Native Plants, Habitat Restoration, and Other Science Snippets from Athens, Georgia

Tuesday: 24 April 2007

Blogger Bioblitz, Day 3  -  @ 06:48:53
Monday was Day 3 of the Blogger Bioblitz. Monday was also a full day of work so I only had an hour or so to check back to the previous two sites surveyed on Saturday and Sunday. After reading through all the fabulous reports on insects elsewhere, I decided to check more closely on our own. It's surprising how few there are to be obviously seen, and I had to look closely.

At the Goulding Creek site I saw a ladybug, not pictured, and this fine wasp. At least I think it is a wasp. Its antennae seem a bit too long for a fly. But on the other hand there's a flylike way the way its head is screwed onto its body. I haven't had time to scan through Bugguide for its identity, and that's unfortunately true for the presumptive tachinid fly and spiders below. So if you have clues, please mention them!

Both the ladybug and this fellow were prowling about on the young Crownbeard (Verbesina occidentalis) which has in previous years also been the site of unidentified insects.

Also on the Crownbeard was this nervous little fly, which I presume is my second Tachinid of the blitz:

It was very nervous about the flash. Odd, since most insects don't pay much attention to it, but it responded and flew so quickly that many of the photos were simply blurs. Here's a few thumbnails showing a few profiles. It certainly was interested in that frass, coming back to it again and again.

Back to the Mayapple Forest, and spiders! But first, a plant - this is Perfoliate Bellwort, I think - Uvularia perfoliata. It's a monocot, ostensibly in the Liliaceae, but that family has been broken up and that might have changed. Georgia is lucky enough to have all the Bellworts, and this one is easily recognized by its long, ovate clasping leaves. The flower, as befits its name, is an elongated, yellow, bellshaped one.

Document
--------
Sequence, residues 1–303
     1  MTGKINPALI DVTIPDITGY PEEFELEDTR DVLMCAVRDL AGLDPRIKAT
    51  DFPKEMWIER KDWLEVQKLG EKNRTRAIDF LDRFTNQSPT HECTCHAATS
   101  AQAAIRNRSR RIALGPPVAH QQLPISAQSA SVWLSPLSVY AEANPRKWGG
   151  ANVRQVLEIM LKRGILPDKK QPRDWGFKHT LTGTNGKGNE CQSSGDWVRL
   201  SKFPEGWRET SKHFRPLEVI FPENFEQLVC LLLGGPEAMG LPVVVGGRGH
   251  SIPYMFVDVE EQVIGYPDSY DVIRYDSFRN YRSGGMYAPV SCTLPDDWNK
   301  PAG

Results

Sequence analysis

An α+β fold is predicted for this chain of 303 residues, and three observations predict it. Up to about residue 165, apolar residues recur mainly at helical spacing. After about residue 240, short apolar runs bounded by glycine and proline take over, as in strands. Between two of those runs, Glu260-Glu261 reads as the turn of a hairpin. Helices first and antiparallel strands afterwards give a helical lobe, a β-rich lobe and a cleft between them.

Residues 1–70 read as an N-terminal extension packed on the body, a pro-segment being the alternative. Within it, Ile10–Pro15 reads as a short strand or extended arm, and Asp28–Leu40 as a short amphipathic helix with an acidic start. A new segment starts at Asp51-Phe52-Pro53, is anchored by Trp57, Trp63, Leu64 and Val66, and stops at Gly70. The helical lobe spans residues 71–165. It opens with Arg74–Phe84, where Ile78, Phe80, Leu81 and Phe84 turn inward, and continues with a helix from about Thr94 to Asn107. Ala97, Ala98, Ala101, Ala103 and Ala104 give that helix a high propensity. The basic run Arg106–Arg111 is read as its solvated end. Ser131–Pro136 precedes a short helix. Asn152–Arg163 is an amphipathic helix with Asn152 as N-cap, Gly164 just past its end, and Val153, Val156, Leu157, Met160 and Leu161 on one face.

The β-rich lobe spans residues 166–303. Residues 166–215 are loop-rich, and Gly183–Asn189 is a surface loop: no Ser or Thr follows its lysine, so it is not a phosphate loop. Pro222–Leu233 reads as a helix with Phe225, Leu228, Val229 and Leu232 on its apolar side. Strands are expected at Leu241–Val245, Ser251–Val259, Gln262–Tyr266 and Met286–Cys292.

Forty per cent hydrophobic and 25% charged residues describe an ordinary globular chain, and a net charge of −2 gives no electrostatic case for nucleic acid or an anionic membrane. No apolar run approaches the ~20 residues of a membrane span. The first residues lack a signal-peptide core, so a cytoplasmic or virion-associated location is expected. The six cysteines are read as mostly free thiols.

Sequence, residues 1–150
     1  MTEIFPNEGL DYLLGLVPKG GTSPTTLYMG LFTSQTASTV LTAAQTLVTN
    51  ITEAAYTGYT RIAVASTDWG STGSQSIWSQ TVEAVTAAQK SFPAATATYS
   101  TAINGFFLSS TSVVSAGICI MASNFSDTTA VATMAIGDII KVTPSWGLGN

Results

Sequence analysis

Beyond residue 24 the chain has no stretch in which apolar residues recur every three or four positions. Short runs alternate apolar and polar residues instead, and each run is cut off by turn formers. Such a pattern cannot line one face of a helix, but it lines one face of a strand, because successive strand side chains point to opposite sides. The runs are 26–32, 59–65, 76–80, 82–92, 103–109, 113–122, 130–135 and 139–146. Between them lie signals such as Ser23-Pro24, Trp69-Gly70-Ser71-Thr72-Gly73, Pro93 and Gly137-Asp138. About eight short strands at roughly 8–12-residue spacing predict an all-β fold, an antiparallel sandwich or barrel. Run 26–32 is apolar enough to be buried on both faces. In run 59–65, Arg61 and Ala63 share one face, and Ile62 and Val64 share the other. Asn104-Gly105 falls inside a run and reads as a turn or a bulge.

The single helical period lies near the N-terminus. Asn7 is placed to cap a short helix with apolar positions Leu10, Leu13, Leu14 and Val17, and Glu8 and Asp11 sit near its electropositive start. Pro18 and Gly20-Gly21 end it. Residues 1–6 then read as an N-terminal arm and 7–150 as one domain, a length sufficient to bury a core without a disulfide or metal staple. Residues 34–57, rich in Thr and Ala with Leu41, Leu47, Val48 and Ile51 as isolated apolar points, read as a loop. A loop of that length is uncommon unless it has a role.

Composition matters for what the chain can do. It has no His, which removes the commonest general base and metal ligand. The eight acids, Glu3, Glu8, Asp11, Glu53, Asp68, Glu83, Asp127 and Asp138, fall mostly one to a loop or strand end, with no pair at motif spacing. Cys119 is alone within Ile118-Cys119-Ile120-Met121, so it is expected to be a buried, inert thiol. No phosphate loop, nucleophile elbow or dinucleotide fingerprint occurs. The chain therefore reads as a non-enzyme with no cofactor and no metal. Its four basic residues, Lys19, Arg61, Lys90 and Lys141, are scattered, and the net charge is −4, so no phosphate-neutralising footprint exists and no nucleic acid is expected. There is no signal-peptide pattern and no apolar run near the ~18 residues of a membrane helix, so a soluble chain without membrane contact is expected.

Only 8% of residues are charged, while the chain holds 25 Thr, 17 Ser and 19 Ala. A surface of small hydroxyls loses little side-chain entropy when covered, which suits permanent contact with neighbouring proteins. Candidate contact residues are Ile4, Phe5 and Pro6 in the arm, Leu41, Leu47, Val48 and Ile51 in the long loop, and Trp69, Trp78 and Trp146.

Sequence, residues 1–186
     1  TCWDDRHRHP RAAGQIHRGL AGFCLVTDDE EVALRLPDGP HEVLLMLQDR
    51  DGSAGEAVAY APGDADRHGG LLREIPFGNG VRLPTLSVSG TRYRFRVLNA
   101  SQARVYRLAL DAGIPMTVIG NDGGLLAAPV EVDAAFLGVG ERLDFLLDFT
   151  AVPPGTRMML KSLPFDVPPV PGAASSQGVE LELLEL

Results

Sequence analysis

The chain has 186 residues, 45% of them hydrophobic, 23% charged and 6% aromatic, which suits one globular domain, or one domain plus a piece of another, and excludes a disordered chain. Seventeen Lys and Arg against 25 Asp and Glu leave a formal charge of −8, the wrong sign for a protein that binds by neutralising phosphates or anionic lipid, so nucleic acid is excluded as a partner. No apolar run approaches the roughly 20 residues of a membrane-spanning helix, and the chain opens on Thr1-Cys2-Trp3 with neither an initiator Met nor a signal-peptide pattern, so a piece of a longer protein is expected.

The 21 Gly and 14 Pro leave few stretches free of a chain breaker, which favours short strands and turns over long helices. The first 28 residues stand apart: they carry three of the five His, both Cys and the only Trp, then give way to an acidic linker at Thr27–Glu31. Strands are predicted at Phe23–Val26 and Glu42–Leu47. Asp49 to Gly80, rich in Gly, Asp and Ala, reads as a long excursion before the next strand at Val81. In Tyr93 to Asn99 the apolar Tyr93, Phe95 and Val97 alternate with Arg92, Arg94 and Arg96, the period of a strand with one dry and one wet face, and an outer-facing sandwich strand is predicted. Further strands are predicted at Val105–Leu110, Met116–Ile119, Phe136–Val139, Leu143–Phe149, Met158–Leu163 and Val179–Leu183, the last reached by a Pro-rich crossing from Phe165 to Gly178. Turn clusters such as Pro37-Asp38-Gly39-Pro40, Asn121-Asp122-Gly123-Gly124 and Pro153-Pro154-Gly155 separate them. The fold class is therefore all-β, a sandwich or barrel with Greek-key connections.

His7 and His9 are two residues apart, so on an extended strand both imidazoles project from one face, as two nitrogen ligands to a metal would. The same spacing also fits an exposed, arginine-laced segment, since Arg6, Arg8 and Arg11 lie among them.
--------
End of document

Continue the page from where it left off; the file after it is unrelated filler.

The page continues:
Most of the plants I've presented here are flowerless, but that's the consequence of conforming to a certain time period for a survey of as many plants as I can find. Ordinarily I'd choose the time, and like everyone else, that would be when a plant is in flower. There's something of a skill in looking at a flowerless plant and trying to guess its identity, but that situation is something we all encounter 95% of the time. So there's some value in pointing out the vegetative features that orient one to a plant

There are remarkably few obvious insects in the Mayapple Forest, and little indication that anyone has been doing any chewing. Turning over the leaves of Pawpaws, Wild Geraniums, and Mayapples netted nothing. But on the undersurfaces of the leaves of many of the Painted Buckeyes were these tiny spiders, which I presume are a Flower Spider of some kind. They were translucent, very small - less than 5mm body length, and they did build a web of straight, uncrosslinked strands that they scooted under, between the bottom of the leaf and the web itself.

Interesting that they only inhabited the buckeyes - I found none on the other plants in the area.

I present a number of thumbnails below the photograph here.

Last but not least, and emerging in a messy web between buckeyes, spiderlings!

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